The Governor and the Cartagenians wish Candide, Paquette and the Old Lady Bon Voyage as they board the skiff which will take them to the ship.  In the distance, the small boat with its occupants sinks.

Marooned on a desert island, Paquette and the Old Lady exasperate Candide with their complaining.  [Quiet] 

The scene shifts to the private gaming room of the Prefect of Constantinople.  The Prefect offers an evening with Snowflake (nee Cunegonde) to the highest winner.  The Prefect and individual gamblers alternate with the en­tire assembly in satirical stanzas about the futility of chicanery if one must pass along the ill-gotten gains.  [What's the Use?]  Candide, Paquette and the O1d Lady come in, carrying bags of gold and jewels.  Candide and Cunegonde quickly recognize each other.  Candide gambles all his gold for a chance to win Cunegonde.  Thanks to a friendly croupier — none other than Maxi­milian — Candide wins.  Paquette comes up with another bag of gold to liberate Maximilian from the service of the now-bored Prefect.  Bewildered as to how to proceed now that they are penniless, they decide to seek counsel from the Wisest Man in the World.  Cir­cumstances force them to settle for the Wisest Man's assistant.  This is their old teacher, Dr. Pangloss.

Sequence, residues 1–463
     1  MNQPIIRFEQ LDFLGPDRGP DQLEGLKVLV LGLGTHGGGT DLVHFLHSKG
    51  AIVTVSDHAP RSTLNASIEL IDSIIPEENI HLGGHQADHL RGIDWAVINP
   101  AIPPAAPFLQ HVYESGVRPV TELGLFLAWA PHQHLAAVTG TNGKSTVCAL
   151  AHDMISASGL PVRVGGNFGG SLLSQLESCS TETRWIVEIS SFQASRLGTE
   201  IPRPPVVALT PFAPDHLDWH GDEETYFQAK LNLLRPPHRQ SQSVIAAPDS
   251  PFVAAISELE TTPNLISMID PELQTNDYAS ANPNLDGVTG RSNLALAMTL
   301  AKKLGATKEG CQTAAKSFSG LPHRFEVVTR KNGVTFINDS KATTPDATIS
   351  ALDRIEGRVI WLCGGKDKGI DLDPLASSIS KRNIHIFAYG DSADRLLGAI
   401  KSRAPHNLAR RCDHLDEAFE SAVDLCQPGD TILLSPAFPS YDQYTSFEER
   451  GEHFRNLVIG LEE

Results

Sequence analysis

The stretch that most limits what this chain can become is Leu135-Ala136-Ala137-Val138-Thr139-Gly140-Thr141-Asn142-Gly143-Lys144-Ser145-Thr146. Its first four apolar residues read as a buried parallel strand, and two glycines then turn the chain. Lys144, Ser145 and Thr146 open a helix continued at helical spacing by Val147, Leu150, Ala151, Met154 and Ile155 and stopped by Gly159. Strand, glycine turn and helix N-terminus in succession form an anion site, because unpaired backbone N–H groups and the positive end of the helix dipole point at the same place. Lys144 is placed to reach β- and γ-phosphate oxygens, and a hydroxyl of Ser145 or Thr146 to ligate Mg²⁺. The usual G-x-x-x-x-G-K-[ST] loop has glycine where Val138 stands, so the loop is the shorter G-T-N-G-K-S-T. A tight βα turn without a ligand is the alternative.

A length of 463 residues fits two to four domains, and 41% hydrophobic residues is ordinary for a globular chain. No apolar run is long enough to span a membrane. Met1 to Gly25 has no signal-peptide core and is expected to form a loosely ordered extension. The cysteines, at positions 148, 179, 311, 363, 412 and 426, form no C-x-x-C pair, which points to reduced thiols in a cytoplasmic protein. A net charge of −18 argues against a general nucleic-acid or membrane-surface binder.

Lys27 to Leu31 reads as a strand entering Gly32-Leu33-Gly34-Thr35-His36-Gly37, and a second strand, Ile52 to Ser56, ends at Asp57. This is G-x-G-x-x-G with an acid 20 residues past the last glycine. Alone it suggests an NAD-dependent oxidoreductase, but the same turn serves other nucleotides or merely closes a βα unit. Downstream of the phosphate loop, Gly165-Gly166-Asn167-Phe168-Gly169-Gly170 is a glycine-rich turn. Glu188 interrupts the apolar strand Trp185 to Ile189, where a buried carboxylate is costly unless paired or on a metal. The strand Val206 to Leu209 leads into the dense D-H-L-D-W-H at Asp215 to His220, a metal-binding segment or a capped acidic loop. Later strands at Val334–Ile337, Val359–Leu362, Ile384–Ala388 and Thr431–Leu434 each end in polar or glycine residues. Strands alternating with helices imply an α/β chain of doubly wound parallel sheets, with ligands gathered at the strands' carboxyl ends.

He tells them not to seek happiness but to merely fulfill the natural function of Man.  Can­dide discovers the definition of this natural function on a piece of paper dropped by Pangloss.  [Make Our Garden Grow] 

[from the program of the Lyric Opera of Chicago production, provided by Bill Konczyk]

Compiled by Michael H. Hutchins